Food plays a large role in our daily lives, but choosing the right foods to fit our individual lifestyles is not always easy. For example, someone may need to eat more calories if they’re training for a triathlon or incorporate more vegetables and whole grains into their meals if they’re trying to increase their fiber intake. Other times, consumers may simply be trying to choose a nutritionally-sound option for a meal on-the-go.

The theme for this year’s National Nutrition Month is “Go Further with Food,” which places an emphasis on selecting the right foods to meet individual needs. For restaurants and food manufacturers, this month serves as a reminder to track your progress in complying with upcoming labeling regulations and examine opportunities to develop new products to meet consumer needs. The Food Drug Administration (FDA) is making it easier for consumers to find transparent nutrition information on the foods they eat with menu labeling and nutrition labeling regulations coming into compliance soon. Continue Reading

Sensory testing plays a large role in ensuring product quality in the food industry. From determining consumer preferences to testing for product quality, sensory services can offer valuable insights at every stage of the product development and manufacturing process. To share insight into the world of sensory under the umbrella of food science, I sat down with Allison Chandler, the Product Performance Operations Manager at Mérieux NutriSciences’ laboratory in Gainesville, Florida.

Q: Can you describe your role at Mérieux NutriSciences?
A: As Product Performance Operations Manager for Mérieux NutriSciences, I manage a team of food scientists focused on food quality. We perform physical tests, such as texture analysis, color measurement and viscosity, as well as a variety of sensory tests, such as triangle tests and hedonic testing. We also manage large supplier monitoring programs in which we compare food samples to specified parameters in order to ensure restaurants and retailers are purchasing the highest quality products.   Continue Reading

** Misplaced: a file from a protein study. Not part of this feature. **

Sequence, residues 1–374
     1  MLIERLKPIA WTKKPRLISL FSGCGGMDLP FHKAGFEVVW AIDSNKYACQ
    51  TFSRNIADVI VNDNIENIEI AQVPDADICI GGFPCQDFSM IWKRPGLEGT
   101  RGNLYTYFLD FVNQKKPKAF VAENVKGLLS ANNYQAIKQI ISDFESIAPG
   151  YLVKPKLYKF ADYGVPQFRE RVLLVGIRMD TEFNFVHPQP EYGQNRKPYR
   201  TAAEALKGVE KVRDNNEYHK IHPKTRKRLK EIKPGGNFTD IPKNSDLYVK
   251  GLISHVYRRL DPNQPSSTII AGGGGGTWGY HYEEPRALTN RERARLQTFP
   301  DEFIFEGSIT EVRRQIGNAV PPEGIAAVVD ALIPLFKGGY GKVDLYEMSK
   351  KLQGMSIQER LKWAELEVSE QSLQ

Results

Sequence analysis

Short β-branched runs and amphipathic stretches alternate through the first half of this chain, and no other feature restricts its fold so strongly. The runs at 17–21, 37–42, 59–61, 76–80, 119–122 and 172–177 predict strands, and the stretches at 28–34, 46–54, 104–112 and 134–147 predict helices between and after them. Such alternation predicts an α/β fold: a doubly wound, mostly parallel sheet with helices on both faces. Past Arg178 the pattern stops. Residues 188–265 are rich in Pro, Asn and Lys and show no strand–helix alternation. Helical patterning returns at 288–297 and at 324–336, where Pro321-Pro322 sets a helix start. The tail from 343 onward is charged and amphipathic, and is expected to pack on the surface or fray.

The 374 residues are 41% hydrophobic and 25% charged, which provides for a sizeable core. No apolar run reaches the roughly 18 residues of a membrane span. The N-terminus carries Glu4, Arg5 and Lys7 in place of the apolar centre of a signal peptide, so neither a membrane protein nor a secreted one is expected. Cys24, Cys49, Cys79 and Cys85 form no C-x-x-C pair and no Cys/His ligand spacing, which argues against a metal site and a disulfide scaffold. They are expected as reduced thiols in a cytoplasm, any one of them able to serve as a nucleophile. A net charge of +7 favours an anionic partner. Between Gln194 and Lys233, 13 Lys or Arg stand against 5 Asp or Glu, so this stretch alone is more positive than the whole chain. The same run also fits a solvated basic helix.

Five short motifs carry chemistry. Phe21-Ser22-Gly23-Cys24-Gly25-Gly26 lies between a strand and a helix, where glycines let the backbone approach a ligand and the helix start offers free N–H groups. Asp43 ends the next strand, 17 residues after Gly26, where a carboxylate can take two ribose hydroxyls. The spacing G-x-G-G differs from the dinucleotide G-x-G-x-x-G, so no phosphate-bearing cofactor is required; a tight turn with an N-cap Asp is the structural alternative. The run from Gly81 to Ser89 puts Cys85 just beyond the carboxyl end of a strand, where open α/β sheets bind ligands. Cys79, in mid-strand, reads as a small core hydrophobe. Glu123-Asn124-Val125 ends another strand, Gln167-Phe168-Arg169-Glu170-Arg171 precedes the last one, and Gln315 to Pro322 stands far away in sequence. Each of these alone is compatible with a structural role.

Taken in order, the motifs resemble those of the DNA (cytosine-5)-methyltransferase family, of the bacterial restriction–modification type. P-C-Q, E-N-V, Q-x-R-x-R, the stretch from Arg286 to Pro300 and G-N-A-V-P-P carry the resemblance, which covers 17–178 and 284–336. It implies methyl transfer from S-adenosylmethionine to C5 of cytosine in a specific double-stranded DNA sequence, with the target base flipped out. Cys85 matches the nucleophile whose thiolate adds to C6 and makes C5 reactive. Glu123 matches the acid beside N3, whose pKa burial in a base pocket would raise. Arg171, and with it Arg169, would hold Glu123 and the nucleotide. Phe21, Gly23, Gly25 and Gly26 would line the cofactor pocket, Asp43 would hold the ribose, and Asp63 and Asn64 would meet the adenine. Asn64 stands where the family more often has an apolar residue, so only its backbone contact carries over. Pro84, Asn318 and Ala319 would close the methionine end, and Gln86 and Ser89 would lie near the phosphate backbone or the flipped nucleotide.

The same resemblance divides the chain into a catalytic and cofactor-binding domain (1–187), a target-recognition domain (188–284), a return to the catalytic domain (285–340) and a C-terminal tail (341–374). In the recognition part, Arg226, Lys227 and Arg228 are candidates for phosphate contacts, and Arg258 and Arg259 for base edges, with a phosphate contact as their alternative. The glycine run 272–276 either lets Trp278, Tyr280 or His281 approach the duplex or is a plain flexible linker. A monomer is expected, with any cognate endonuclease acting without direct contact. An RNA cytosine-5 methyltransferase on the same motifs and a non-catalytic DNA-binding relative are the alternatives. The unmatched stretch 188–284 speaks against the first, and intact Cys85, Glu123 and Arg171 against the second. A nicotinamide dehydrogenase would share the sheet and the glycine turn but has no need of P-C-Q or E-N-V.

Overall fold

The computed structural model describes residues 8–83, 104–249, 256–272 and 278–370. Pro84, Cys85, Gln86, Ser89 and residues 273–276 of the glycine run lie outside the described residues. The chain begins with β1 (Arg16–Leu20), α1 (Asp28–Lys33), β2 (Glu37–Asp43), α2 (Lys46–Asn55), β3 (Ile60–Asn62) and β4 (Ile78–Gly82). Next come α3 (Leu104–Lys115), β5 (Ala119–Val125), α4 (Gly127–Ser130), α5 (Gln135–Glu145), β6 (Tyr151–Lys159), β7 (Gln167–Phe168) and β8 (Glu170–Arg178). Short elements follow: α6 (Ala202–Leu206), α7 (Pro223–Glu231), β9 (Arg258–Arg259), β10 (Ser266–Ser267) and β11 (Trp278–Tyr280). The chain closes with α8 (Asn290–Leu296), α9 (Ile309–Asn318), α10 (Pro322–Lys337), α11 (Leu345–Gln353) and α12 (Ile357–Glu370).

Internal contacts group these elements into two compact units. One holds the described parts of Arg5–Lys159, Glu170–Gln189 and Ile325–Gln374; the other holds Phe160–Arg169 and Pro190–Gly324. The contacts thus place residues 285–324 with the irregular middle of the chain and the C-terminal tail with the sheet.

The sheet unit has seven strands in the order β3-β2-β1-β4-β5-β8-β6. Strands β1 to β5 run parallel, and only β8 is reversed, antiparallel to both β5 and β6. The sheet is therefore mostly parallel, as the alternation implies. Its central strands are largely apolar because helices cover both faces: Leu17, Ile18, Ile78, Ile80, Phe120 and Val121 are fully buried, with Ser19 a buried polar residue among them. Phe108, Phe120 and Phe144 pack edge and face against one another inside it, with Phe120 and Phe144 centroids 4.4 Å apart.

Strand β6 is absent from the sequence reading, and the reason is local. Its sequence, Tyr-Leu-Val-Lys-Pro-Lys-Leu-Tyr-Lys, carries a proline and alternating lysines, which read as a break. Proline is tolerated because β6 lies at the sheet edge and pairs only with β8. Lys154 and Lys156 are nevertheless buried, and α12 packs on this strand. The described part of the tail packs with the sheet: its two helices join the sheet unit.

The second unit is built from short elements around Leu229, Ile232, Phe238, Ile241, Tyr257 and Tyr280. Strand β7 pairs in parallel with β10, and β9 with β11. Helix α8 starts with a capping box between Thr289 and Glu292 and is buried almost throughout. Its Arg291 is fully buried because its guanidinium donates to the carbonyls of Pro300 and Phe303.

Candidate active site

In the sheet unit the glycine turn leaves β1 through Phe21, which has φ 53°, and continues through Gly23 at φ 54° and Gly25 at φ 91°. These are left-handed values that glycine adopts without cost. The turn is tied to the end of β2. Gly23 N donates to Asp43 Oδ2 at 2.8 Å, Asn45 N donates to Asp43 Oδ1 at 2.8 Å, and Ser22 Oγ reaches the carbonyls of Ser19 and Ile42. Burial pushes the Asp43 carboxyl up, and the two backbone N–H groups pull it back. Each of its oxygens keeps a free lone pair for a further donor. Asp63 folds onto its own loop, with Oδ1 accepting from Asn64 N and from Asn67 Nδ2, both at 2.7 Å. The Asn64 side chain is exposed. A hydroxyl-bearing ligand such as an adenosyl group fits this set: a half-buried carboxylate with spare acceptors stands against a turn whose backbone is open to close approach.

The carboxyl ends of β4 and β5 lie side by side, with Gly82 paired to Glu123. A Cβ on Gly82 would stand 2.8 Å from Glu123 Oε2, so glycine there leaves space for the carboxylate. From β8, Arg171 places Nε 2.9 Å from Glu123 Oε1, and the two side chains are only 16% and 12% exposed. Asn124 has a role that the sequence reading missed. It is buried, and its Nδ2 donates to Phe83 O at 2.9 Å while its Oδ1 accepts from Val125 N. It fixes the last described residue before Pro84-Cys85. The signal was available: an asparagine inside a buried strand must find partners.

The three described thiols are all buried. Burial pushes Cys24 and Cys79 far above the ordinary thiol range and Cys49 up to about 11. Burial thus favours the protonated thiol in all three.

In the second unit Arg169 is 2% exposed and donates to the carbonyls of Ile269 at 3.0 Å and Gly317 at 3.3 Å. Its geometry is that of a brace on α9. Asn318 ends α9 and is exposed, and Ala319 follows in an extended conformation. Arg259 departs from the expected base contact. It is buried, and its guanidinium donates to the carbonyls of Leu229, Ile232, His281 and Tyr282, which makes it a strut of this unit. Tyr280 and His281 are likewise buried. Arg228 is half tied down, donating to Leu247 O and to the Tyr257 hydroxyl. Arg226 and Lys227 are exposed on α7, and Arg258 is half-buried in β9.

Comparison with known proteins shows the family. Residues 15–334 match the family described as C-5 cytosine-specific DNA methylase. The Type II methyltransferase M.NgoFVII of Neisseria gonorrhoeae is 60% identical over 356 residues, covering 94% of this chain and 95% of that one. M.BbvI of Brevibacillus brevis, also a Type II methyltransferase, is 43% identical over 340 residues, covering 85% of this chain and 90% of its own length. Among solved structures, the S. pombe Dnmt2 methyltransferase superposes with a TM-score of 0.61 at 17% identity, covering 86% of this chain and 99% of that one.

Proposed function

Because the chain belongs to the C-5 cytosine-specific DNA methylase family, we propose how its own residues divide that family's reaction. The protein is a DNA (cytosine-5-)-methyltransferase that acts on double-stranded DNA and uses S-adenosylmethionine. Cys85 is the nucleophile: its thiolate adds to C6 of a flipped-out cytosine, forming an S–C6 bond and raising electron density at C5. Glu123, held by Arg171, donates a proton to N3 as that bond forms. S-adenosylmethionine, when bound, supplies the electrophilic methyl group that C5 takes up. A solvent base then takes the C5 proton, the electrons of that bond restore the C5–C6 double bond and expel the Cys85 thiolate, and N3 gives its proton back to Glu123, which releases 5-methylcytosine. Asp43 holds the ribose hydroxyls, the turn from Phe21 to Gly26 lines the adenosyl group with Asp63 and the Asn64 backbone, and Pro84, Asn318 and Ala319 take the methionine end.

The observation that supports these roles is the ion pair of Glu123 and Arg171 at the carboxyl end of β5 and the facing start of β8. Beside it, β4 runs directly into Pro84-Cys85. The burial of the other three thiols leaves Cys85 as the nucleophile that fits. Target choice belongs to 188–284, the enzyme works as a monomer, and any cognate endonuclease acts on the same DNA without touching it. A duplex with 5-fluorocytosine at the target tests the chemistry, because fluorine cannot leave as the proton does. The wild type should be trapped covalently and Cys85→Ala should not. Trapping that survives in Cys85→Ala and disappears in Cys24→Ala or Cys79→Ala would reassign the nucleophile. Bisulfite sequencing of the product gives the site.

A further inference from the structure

An Ever-Expanding List

California’s Safe Drinking Water & Toxic Enforcement Act, known more commonly as Proposition 65, is a law adopted by California voters in 1986. The goal of the new regulation was, to not only protect citizens from potential health hazards in water, but also protect them from exposure to any cancer-causing substances, in general. Since its enactment over three decades ago, the list of chemicals within the legislation has grown to include nearly 1,000 entries. The regulation requires businesses to publish a “clear and reasonable” warning prior to knowingly and intentionally exposing any consumer in California to a listed chemical. On food products, this warning must be placed somewhere on the food label. Keep in mind, Proposition 65 allows for a one-year grace period from the date a chemical is added to the list before a warning is required. Continue Reading

Imagine you purchase a new soup brand from the grocery store and end up really enjoying it. You tell your friends about this new favorite soup and then go back the next week to buy it again. However, after you try it the second time, you realize that the flavor and the ratio of veggies to broth aren’t the same as the first time. This may sound like a food manufacturer’s worst nightmare, but don’t stress, you can avoid this scenario by implementing physical testing into your food safety and quality monitoring. Continue Reading

Questions about the safety of fresh produce are in the headlines again following recent North American outbreaks involving Salmonella in sprouts, Salmonella in papayas and E. coli O157:H7 linked to romaine lettuce. Moreover, the Produce Safety rule of the Food Safety Modernization Act (FSMA) took effect for large farms in January, and the U.S. Food and Drug Administration (FDA) implemented the next stage of its targeted sampling program for fresh produce and related commodities. Continue Reading